Kings are known for being fierce in battle and jealous for territory. So when Herod the Great learned of a rival emerging from within his own kingdom, he determined to put down any such ambitions before they materialized.
Herod ruled Judea about two thousand years ago, an area just south of Jerusalem between the Mediterranean and the Dead Sea. While he is credited for the construction of significant monuments, including the Wailing Wall, Herod also built a reputation as a cruel madman.
The king immersed himself in royal company. Herod’s brother was governor of Jerusalem and he married a princess of the Jewish Hasmonean Dynasty. Herod appointed his wife’s brother as High Priest. But, his jealousy grew in step with the High Priest’s popularity. So Herod had him drowned.
Herod’s beautiful and dignified wife sporadically reciprocated his frenetic love for her. In a fit of rage over her aloof responsiveness, he had her killed. Antiquities writes that in the weeks following, “he was so far overcome by his passion that he would order his servants to call for Mariamme, as if she were still alive and could still hear them.”
Harod’s murderous habits continued five years later when he killed Mariamme’s mother and his four closest friends in response to rumor of an attempted coup. He then killed his two sons that he had with Mariamme out of jealousy for their growing popularity. Caesar Augustus, founder of the Roman Empire, said of him, "It is better to be Herod's dog than one of his children."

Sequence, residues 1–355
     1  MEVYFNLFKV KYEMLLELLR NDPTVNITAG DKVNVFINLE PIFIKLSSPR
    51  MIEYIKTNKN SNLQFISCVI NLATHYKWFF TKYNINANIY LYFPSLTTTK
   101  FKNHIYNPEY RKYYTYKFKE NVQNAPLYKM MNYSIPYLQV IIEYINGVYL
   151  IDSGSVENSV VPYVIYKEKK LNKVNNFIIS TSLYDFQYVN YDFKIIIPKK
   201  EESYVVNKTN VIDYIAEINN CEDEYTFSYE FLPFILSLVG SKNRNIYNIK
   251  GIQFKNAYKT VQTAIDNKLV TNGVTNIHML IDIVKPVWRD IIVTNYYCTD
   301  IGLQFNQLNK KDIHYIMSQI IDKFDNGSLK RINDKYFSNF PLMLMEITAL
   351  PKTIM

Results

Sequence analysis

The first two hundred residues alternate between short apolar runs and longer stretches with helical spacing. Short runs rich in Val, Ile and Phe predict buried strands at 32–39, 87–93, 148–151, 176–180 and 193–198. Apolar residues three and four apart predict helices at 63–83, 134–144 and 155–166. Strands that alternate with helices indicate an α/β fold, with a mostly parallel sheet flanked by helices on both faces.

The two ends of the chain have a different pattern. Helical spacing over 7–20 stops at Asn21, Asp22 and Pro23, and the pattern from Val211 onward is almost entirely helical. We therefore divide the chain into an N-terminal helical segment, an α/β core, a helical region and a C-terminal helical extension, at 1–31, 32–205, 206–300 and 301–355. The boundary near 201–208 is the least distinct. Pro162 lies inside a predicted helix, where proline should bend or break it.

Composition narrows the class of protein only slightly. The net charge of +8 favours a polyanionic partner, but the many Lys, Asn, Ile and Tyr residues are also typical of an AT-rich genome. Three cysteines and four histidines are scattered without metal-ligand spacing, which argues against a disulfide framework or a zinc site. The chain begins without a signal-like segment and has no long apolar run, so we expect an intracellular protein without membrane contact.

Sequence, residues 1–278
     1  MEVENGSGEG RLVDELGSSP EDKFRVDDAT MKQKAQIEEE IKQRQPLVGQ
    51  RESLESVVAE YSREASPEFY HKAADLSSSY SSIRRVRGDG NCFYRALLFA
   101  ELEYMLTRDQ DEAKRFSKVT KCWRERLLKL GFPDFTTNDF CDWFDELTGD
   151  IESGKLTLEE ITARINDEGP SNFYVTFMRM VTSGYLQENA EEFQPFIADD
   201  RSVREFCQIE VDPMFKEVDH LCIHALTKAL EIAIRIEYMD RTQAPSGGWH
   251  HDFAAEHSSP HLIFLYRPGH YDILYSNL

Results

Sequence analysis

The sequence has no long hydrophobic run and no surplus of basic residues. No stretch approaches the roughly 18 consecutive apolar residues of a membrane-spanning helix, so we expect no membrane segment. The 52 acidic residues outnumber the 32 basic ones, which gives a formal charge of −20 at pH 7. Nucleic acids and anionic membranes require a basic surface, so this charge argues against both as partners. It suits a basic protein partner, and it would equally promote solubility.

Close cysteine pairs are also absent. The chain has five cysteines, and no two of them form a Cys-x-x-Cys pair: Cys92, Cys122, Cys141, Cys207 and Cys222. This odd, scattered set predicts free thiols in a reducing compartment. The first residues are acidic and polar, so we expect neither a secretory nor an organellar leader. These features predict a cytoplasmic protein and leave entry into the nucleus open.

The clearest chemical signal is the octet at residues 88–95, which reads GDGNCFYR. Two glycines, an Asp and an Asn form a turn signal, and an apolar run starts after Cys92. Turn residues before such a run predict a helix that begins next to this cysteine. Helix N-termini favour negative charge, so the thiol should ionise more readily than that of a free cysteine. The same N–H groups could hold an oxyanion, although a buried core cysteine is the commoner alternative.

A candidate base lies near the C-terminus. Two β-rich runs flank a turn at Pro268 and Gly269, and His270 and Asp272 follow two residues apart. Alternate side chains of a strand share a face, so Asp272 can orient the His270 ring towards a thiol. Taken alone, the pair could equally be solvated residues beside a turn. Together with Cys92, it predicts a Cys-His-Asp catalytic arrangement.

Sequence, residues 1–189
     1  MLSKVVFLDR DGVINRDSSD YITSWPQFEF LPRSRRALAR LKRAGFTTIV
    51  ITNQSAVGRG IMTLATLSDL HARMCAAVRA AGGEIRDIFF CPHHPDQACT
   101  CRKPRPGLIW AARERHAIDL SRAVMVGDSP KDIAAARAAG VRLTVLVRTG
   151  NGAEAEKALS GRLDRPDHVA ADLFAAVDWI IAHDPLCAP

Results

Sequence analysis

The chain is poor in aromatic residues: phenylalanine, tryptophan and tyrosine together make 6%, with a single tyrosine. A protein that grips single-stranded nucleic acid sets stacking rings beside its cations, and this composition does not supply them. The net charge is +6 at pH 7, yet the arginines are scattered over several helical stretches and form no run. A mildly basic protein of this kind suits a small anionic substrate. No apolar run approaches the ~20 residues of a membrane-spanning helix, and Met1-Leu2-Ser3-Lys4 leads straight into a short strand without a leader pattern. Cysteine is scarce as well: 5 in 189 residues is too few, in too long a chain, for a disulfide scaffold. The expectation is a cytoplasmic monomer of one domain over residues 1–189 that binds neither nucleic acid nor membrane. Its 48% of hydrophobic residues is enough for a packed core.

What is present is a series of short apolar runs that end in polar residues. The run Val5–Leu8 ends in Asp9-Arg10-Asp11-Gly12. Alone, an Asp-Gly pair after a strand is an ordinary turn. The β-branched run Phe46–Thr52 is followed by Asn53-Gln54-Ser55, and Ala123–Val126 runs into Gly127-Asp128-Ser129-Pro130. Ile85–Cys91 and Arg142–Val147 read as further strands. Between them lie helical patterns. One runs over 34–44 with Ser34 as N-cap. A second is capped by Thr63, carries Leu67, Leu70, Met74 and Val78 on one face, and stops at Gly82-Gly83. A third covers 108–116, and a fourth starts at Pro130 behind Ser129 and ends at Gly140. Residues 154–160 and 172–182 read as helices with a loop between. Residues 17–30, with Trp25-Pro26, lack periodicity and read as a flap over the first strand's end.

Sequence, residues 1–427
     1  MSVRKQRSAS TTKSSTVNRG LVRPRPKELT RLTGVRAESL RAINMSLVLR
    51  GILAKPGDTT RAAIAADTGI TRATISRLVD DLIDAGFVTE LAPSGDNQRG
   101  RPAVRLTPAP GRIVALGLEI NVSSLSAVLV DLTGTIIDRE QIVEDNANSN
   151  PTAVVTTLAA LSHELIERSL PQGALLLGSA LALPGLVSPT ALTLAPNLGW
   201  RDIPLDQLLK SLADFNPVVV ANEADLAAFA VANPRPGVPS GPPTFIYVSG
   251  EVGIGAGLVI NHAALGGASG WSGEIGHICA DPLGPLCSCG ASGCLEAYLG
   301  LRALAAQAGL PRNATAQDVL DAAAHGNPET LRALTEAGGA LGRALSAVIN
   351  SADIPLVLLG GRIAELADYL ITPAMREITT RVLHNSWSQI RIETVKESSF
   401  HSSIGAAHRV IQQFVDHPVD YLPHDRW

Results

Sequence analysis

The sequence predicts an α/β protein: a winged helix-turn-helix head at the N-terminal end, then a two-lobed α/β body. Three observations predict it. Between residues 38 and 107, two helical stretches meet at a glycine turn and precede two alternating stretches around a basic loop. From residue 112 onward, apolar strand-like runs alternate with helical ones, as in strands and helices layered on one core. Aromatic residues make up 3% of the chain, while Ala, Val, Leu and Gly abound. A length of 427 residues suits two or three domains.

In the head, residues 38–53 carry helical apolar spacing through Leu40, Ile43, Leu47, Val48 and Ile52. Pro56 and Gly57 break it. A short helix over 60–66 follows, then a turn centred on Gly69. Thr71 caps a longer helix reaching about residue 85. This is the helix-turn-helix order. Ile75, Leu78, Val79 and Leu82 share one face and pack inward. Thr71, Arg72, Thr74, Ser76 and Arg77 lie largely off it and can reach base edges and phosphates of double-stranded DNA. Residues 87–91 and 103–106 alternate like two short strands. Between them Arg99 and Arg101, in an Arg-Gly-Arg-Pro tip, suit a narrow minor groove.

It was around this time, thirty years into Herod’s reign, that a group of ancient astrologists arrived in Jerusalem. They were intent in their investigation, asking people, “Where is the one who has been born king of the Jews? We saw his star when it rose and have come to worship him.” The people of Jerusalem were disturbed by the inquiries of these magicians, referred to as the “magi.” Word of their presence soon made its way to the king.
Nearly forty years earlier, Herod had killed Antigonus II Mattathias, who had been appointed King of the Jews by the Roman Senate. Troubled by the implications of the magi’s questioning, Herod called together every local religious expert and asked them where the Messiah was to be born. They responded with quotes from the Judean prophet Micah, whose words were written 700 years earlier, “But you, Bethlehem Ephrathah, though you are small among the clansof Judah,? out of you will come for me one who will be ruler over Israel,? whose origins are from of old, from ancient times.”
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